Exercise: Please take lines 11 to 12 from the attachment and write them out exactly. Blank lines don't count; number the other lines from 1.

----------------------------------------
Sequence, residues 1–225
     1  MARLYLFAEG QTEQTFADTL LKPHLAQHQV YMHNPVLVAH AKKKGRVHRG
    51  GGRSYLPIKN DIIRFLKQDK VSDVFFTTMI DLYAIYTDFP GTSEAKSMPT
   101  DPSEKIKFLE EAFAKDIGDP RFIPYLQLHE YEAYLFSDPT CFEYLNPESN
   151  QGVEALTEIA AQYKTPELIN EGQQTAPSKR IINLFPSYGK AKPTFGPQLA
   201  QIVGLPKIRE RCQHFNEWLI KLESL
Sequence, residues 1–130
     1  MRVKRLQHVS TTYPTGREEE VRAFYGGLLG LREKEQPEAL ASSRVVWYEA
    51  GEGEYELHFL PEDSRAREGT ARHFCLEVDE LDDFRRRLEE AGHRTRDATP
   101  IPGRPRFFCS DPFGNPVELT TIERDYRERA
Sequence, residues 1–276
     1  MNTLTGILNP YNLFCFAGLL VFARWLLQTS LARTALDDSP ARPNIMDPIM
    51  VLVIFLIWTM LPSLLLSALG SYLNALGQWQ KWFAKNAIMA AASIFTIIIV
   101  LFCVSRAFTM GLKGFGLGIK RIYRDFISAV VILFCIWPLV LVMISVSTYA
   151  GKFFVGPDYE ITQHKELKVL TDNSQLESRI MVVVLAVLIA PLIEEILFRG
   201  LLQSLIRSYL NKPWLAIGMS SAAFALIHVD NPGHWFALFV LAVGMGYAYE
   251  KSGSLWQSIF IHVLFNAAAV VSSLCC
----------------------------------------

Sequence, residues 1–276
     1  MNTLTGILNP YNLFCFAGLL VFARWLLQTS LARTALDDSP ARPNIMDPIM